• Ugolino: Count Ugolino della Gherardesca (1220-1289) earned his place in Dante’s Antenora-, realm of political traitors, for a series of betrayals against Pisa and her political leadership. Dante mentions only the reputed act of treason that eventually led to Ugolino’s downfall: he ceded Pisan castles to Florence and Lucca in 1285 ( 33.85-6). However, early commentators and chroniclers describe other–even more damning–examples of shifting allegiances and betrayals in the long political life of Count Ugolino.
  • Archbishop Roger (1271-1295): equally guilty of treason Ruggieri incited the public against Ugolino (by cleverly exploiting Ugolino’s previous “betrayal of the castles”) and had the count–along with two sons (Gaddo and Uguiccione) and two grandsons (Anselmo and Brigata)–arrested and imprisoned. They were held in theTorre della Muda for eight months until, with a change in the ghibelline leadership of Pisa, it was decided to nail shut the door to the tower and to throw the key into the Arno. They starved to death, as Dante’s Ugolino recalls, in a matter of days ( 33.67-75).
  • jockey/ mount: ‘jockey’ rider astride ‘mount’ his horse;
  • prey: quarry, creature killed by another for food
  • malignancy: malevolence, hatred;

Others will pine as I pined in that jail / Which is called Hunger after me, and watch / As I watched through a narrow hole / Moon after moon, bright and somnambulant, / Pass overhead, until that night I dreamt / The bad dream and my future’s veil was rent. / I saw a wolf-hunt: this man rode the hill / Between Pisa and Lucca, hounding down / The wolf and wolf-cubs. He was lordly and masterful, / His pack in keen condition, his company / Deployed ahead of him, Gualandi / And Sismundi as well, and Lanfranchi,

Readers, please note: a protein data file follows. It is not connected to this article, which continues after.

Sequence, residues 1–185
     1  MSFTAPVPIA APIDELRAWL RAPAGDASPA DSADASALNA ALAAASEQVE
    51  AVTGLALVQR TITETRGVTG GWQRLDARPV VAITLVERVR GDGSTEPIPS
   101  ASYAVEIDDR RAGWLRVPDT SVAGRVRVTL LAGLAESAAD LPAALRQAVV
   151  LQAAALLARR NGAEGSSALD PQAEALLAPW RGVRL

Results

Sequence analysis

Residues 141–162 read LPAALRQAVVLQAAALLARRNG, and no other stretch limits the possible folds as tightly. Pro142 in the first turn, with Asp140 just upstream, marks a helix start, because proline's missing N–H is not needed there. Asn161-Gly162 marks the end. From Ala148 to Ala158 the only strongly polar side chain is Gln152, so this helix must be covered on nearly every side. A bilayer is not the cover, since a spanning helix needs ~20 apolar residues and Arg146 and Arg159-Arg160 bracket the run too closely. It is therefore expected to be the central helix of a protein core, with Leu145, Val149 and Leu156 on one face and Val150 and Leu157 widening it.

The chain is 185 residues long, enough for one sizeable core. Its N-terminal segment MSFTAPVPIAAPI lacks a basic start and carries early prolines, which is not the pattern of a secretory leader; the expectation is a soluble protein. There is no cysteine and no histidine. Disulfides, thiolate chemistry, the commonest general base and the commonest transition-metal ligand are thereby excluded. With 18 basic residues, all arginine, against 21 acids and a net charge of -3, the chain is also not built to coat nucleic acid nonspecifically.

Who soon wore down wolf-father and wolf-sons / And my hallucination / Was all sharp teeth and bleeding flanks ripped open. / When I awoke before the dawn, my head / Swam with cries of my sons who slept in tears / Beside me there, crying out for bread. / (If your sympathy has not already started / At all that my heart was foresuffering / And if you are not crying, you are hardhearted.)/ They were awake now, it was near the time / For food to be brought in as usual, / Each one of them disturbed after his dream, / When I heard the door being nailed and hammered / Shut, far down in the nightmare tower.

  • pine: languish, lose strength;
  • somnambulant: like a sleepwalker;
  • veil: face covering of fine material;
  • rent: torn;
  • wolf: wild carnivorous animal;
  • Pisa: Tuscan city straddling the Arno river;
  • Lucca: Tuscan city very close to Pisa;
  • hound down: pursue relentlessly;
  • masterful: powerful, imperious;
  • pack: group of animals that live and hunt together;
  • keen: sharpened, fervent;
  • Gualandi/ Sismundi/Lanfranchi: powerful feudal families caught up in the 13th century political struggles; commissioned to pursue and arrest Ugolino and his sons and grandsons: